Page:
We stopped for a moment to gather our breath when we spied the old stable door.
“Reminds me of my Uncle Barry,” said Crisp. “Enduring, strong and thick as a plank. He was a stupid man, everyone thought so. He was my dad’s uncle and through no fault of mine, my uncle too. They say you can’t choose your family, and at times I was ashamed to say I was related to Barry. He was ignorant of the world, as my dad used to say, ‘Barry thinks a football coach has four wheels’ so we were always taught to be forgiving of him.
I thought it a godsend that Barry never married. I couldn’t imagine any woman wanting to be married to him, the poor woman would be worked off her feet.”
Crisp regaled me with other hair-raising Barry stories before we moved on.
Crisp, my aged companion, stopped at the gatepost.
“I had a birthday party once,” she said, “it was for my twelfth birthday, and my mother went to a lot of trouble to organise it. We lived out of town in those days, and she organised a bus to bring my town friends out to the farm.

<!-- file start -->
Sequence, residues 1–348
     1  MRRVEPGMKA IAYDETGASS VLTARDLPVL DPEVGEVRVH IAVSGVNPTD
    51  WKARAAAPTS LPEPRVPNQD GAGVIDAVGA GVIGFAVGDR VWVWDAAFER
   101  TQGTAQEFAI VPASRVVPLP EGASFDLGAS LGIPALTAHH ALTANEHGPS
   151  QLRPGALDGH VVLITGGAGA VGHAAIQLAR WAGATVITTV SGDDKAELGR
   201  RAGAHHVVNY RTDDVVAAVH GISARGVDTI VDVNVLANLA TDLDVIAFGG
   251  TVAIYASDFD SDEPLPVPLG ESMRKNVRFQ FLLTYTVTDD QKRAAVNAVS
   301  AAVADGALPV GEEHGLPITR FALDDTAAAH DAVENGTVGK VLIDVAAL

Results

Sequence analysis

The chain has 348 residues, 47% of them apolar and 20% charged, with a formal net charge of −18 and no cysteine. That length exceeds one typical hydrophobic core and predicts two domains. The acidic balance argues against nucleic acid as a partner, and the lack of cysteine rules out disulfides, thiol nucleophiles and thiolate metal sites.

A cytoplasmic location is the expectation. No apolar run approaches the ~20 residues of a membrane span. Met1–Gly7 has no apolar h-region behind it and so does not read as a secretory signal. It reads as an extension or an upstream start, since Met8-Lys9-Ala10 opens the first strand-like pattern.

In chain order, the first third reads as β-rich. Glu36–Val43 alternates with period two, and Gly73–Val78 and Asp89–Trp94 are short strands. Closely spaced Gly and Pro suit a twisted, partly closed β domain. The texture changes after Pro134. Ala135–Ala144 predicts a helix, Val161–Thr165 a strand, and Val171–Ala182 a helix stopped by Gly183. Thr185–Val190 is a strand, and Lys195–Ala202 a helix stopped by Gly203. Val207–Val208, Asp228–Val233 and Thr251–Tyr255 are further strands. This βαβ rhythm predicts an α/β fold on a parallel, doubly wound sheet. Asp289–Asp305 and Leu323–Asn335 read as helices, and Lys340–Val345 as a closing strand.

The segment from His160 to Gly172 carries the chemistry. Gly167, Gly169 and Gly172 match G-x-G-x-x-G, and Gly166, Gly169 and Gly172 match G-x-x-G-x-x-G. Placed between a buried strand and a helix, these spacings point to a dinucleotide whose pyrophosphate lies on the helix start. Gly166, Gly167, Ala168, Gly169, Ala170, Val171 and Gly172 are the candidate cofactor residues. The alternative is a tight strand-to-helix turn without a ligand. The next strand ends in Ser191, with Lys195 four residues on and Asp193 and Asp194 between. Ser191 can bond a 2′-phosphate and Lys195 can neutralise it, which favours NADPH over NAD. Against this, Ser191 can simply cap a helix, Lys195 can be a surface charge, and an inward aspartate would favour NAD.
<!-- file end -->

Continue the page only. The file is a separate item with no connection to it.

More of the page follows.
She tied balloons around the gatepost at the top of our drive, and we waited for the bus to arrive.
It arrived with only three of the ten kids we’d invited on the bus.
They said the others had decided not to come.
My mother was devastated. She went up to the gatepost and tore off the balloons.
I was left with a lot of party stuff and three friends.
We certainly didn’t go hungry, as mum did her best to appear keen, but underneath I knew she was seething.”
Written for: https://crispinakemp.com/2020/06/24/crimsons-creative-challenge-85/
I splashed through a few puddles not thinking about anything sticking to my boot, more about my socks getting wet. I dislike wearing wet socks.